Six French tourist boards have angered D-Day veterans after launching a promotional campaign about the French Second World War, which excludes one of the Normandy beaches where British troops landed.
Four of the five areas where Allied forces landed on 6 June 1944 are included in the campaign, but Sword Beach, where nearly 700 British troops lost their lives or were wounded is not featured in the campaign.
The campaign was unveiled on 8 April by Normandy tourist boards and the Secteur mythique (Mythical sector) included Utah and Omaha beaches, where most of the US forces went ashore, as well as Gold and Juno Beach, where mostly British and Canadians landed but Sword Beach was absent.
Marc Laurenceau of The Battle of Normandy website, DDay-Overlord.com, criticised the decision, saying: "With such an initiative, six tourist offices (Bayeux Intercom, Bessin Seulles Sea Tourism, Marais de Carentan Tourist Office, Isigny-Grandcamp-Intercom, Omaha Beach Tourist Office and Sainte-Mere-Eglise Tourist Office) develop history tourism without worrying about history. What they consider is money.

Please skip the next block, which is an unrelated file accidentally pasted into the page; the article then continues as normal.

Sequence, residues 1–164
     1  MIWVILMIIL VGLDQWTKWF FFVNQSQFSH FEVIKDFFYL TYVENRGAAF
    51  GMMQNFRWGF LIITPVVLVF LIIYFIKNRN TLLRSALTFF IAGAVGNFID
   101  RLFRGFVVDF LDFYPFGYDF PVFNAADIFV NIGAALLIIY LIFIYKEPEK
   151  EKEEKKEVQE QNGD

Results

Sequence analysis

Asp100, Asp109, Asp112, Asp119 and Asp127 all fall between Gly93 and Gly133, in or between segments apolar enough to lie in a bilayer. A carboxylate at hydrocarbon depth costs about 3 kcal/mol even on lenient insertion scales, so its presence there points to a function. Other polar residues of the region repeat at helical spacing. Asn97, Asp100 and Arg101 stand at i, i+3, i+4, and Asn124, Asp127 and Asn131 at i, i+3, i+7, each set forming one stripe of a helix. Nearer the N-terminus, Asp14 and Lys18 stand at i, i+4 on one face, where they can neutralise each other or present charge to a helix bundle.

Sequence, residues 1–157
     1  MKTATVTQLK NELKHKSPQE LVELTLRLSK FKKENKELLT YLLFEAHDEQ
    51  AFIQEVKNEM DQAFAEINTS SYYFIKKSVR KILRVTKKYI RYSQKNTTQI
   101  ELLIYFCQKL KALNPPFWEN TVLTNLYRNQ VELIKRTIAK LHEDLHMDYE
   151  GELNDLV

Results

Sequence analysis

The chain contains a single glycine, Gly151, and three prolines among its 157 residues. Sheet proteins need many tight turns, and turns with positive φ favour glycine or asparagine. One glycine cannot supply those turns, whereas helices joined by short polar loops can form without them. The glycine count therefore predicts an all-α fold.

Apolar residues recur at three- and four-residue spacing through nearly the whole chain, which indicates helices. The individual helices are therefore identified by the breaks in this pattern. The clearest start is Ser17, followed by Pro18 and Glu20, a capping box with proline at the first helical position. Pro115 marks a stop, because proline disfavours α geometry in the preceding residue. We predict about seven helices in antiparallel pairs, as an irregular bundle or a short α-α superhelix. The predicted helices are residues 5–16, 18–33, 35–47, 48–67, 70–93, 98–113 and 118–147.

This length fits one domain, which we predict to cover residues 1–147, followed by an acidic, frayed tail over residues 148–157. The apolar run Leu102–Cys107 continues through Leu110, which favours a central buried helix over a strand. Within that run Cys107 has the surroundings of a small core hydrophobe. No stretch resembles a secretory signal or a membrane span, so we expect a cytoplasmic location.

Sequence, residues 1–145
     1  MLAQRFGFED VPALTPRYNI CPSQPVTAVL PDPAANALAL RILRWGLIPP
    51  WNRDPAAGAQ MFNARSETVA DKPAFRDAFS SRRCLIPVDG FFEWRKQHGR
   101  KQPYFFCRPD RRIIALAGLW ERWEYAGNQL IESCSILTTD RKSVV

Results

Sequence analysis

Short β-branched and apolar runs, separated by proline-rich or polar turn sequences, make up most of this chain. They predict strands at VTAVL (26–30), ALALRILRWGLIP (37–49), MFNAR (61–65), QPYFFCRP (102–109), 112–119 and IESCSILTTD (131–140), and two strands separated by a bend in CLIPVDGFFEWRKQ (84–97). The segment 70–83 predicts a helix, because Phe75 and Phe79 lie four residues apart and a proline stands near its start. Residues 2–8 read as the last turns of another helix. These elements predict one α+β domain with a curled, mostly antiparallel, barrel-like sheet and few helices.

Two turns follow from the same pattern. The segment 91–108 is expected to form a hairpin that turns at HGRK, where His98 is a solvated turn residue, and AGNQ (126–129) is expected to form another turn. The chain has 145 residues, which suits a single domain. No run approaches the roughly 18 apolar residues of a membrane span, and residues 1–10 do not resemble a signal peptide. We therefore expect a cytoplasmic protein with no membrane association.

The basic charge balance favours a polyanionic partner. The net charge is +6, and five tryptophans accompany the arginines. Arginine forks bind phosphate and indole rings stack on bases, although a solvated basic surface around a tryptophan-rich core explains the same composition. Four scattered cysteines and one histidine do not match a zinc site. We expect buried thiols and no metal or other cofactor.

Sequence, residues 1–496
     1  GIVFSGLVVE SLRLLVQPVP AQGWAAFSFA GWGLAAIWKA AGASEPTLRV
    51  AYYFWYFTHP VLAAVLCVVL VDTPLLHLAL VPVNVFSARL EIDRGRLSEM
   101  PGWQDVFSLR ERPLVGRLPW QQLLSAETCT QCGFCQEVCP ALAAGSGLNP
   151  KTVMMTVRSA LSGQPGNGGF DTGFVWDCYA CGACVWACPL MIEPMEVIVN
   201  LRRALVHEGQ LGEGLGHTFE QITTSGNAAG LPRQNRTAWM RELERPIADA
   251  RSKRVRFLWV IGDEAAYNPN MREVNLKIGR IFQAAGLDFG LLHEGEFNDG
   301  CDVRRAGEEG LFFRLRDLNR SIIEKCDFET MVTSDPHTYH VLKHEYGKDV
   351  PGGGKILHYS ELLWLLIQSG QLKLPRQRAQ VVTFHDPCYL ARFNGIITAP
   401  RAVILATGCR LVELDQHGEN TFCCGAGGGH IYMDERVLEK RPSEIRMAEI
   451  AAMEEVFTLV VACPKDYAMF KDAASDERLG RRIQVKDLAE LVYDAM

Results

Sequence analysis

He continues: "What will British and French veterans who landed at La Brèche-d'Hermanville on D-Day think? What will be the thoughts of those who were parachuted northeast of Ranville? What about their fallen comrades, killed to free a piece of land that is not considered "mythical" enough according to these six tourist offices?"
Albert Owens, an 88-year-old from Liverpool, who landed at Sword on D-Day told the Daily Telegraph: "A lot lost their lives in that area. It seems to be an insult to their memory to leave them out. I am amazed with the idea. If you are going to promote some of the beaches, you should promote them all."
But president of the Bayeux tourist office Loïc Jamin said he did not understand the controversy and that Sword was excluded because its tourist office was not part of the same partnership.
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